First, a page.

Click on the Install button at the top and the font will be installed into the C:WindowsFonts folder. You will have to close Word and reopen it in order to see the new font installed.
Depending on which barcode font you download, you may see just the barcode in the list of fonts or you will see a name and then a picture of the barcode to the right. Your barcode font is now installed and ready to use!
Generating Barcodes in Word
Now let’s get to the fun part. Let’s start by generating a Code 39 barcode in Word. To do this, I downloaded and installed the IDAutomation Code 39 font, which adds the text that you type to the bottom of the barcode. All of the other ones just show the barcode, but I’m using this one for instructional purposes.
First go ahead and type the text you want in your barcode. For example, let’s type *John=Doe* as shown below.
Go ahead and increase the size of the font to something bigger like 20 or 28. Now select the text and then select the Code 39 font from the list. The text should automatically be converted into a barcode and you’ll see the text at the bottom for this particular barcode.
You’ll notice that the equals sign has been converted into a space in the barcode. You now have a scannable code 39 barcode! It’s pretty much that easy. Skip down to the Scanning Barcodes section to learn how you can scan it using a smartphone app.
Now let’s try creating a Code 128 barcode. First pick a Code 128 font from the above list, download it and install it. Once you do that, you have to go to the following website to encode your text into the appropriate format.
Type in the text in the Data to Encode box and then click on the Code 128 button at the top left. The Encoded Text box will generate the appropriate text, which you can then copy and paste into Word. Make sure to increase the size of the font to 48 or 72.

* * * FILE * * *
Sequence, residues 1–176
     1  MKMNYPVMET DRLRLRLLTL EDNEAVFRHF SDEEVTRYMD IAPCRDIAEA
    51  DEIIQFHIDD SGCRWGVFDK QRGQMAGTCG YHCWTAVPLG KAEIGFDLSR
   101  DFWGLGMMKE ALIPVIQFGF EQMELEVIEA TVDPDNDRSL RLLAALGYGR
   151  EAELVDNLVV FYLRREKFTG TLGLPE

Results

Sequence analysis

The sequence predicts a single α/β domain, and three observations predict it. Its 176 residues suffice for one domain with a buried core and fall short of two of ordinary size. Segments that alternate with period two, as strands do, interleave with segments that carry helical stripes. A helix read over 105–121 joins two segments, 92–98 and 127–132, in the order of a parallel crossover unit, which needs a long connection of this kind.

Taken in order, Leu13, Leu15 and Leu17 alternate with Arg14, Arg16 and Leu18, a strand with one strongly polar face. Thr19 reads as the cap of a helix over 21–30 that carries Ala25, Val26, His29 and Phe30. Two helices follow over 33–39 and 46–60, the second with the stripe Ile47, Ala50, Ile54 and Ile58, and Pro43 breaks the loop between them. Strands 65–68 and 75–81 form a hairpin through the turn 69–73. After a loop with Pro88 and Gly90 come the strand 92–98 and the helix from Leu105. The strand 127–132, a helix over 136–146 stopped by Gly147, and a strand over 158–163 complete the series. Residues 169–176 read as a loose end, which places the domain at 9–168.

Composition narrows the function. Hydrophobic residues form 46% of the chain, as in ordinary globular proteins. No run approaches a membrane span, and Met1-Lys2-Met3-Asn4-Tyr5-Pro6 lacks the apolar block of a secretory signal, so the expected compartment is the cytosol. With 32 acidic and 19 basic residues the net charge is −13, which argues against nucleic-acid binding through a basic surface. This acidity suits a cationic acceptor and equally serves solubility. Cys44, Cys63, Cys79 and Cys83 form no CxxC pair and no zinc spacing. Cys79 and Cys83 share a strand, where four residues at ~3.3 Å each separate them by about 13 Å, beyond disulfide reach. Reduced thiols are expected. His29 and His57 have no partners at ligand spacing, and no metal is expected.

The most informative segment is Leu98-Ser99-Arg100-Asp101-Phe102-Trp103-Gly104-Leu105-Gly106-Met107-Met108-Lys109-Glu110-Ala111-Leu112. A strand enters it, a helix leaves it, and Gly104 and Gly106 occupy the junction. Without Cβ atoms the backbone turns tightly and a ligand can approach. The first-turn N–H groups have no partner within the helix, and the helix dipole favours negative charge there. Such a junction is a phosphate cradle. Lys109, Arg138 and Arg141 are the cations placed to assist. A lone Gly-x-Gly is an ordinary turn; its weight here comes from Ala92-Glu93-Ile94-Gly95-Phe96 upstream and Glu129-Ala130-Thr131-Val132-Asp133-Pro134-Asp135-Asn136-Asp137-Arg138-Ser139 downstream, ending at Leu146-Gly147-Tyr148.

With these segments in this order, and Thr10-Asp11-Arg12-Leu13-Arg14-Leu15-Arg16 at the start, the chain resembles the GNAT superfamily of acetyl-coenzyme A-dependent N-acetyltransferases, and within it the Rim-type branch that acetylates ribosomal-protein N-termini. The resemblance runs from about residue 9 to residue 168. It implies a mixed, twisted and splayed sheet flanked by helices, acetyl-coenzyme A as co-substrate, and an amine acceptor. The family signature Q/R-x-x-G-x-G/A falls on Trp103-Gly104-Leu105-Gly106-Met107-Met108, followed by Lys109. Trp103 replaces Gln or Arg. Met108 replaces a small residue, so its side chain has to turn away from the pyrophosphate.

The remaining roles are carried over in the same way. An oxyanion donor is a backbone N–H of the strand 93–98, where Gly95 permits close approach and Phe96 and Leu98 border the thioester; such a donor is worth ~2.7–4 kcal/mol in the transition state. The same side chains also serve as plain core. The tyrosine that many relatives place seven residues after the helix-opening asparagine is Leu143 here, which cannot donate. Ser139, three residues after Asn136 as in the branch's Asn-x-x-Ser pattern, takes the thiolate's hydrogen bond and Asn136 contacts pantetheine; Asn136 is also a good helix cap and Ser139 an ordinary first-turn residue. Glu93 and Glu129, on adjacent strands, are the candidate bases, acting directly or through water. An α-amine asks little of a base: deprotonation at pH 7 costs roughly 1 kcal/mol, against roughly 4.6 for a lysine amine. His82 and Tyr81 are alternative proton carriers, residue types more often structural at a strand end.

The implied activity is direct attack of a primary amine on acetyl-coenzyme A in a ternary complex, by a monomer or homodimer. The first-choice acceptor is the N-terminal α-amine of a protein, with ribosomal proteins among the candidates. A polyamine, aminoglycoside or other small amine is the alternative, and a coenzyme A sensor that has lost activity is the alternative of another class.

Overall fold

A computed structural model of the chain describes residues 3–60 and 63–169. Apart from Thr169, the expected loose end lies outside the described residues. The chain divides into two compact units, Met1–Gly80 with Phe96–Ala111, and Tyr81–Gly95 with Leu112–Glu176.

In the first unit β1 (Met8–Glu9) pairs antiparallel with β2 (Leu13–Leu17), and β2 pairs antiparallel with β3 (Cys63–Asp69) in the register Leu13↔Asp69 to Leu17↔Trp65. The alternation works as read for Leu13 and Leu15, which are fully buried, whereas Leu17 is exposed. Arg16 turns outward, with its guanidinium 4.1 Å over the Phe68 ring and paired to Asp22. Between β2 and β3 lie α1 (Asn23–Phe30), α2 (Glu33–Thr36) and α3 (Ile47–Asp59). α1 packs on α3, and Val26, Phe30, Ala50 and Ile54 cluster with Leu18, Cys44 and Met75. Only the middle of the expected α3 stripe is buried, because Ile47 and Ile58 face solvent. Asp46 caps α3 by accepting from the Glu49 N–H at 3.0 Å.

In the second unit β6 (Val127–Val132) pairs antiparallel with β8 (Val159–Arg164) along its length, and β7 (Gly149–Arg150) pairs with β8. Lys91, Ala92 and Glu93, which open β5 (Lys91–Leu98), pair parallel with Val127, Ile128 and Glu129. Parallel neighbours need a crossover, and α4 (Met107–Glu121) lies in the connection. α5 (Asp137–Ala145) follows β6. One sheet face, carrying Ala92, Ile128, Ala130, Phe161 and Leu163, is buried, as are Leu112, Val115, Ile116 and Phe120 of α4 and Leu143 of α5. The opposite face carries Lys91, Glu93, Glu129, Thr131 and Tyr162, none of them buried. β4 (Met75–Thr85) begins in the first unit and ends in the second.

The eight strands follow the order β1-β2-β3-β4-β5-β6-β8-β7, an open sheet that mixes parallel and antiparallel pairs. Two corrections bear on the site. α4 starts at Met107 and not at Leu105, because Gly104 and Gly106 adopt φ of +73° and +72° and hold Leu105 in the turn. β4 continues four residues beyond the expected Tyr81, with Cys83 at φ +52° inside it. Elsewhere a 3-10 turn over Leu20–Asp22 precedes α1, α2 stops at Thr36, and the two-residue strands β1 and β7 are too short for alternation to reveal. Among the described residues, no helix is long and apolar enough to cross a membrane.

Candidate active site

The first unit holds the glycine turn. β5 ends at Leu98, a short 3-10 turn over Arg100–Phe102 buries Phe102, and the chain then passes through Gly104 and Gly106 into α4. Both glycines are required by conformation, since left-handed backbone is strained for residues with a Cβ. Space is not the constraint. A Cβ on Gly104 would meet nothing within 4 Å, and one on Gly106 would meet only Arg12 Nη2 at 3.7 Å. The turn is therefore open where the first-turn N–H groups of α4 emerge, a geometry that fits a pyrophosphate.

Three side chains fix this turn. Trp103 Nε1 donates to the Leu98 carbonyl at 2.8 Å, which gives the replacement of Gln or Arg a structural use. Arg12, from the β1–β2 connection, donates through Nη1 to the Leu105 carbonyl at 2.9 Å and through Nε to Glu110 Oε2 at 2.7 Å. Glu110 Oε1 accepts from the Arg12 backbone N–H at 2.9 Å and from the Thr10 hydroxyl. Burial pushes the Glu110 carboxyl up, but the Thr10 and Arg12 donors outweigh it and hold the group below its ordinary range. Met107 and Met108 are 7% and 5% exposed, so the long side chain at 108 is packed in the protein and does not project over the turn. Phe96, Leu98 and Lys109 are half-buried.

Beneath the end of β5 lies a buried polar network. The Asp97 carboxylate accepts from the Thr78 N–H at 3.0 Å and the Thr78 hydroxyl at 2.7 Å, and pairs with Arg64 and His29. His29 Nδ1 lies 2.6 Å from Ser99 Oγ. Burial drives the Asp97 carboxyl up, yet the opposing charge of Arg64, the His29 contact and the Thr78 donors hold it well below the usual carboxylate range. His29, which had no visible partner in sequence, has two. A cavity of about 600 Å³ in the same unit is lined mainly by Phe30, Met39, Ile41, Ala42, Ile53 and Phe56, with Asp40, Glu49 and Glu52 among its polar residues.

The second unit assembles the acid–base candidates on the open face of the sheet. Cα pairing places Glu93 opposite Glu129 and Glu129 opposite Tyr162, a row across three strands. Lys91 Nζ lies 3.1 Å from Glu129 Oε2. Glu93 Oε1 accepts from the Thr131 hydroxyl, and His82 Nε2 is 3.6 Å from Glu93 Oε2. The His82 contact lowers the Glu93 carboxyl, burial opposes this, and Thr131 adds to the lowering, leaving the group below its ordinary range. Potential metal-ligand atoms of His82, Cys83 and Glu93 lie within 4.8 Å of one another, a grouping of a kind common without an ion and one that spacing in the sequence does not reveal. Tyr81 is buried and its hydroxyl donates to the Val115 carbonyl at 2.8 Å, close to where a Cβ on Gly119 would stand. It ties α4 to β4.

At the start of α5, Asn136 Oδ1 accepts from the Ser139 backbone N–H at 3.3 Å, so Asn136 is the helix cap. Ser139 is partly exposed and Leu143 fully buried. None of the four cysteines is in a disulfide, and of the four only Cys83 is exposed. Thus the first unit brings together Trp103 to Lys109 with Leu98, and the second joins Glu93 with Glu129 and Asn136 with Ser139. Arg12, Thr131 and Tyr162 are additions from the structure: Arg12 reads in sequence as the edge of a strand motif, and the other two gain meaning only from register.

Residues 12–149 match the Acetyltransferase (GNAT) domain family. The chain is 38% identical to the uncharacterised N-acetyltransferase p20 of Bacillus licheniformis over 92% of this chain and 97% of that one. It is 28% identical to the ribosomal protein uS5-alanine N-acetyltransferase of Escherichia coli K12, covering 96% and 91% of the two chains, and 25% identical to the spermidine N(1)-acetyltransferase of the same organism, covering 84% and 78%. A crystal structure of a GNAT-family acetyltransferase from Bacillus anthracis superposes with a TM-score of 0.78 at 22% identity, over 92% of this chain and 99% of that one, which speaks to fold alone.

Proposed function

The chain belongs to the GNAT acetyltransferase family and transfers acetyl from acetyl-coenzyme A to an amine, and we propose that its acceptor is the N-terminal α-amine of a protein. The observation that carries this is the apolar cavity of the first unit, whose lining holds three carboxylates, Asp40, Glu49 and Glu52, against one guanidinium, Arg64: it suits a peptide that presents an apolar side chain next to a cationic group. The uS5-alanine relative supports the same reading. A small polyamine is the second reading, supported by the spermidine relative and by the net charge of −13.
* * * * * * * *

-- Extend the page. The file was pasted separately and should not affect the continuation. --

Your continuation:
Now select the text and change it to the Code 128 barcode font you installed. It should create a nice looking barcode, which you can then scan. The only issue I ran into was spaces in Code 128 barcodes. When using the online encoder, it uses a special character for the space, but when I converted that to a barcode, the special character remained and wasn’t converted into a space. Couldn’t figure out how to fix it, so if you figure it out, let us know!
The same process can be done for QR codes or any other type of barcode. The barcode encoder website is also useful for generating Code 93, UPC-E and other barcode formats.
If you have a physical barcode scanner, you can obviously just use that to scan your barcodes, but if you’re doing this as a personal home project, you might not have one laying around. In these cases, you can download free barcode scanning apps on your phone to scan your barcodes.
What’s really nice about these apps too is that you can create the barcode on your computer and scan them using the app before you even print them out. This way you can check to make sure they are scannable first.
My favorite app on the iPhone is Beep, a very simple barcode scanner that supports many different types of barcodes. It’s fast, free and works really well.
When it scans a barcode, it’ll tell you the type of barcode (Code 39, 128, etc) and it’ll show you the text at the top left. As for Android, I haven’t used any myself, but there are many apps in the Google Play Store, so feel free to try out different ones.
Hopefully, this guide was enough to get you started with barcodes in Word. If you run into trouble, feel free to post a comment and I’ll try to help. Enjoy!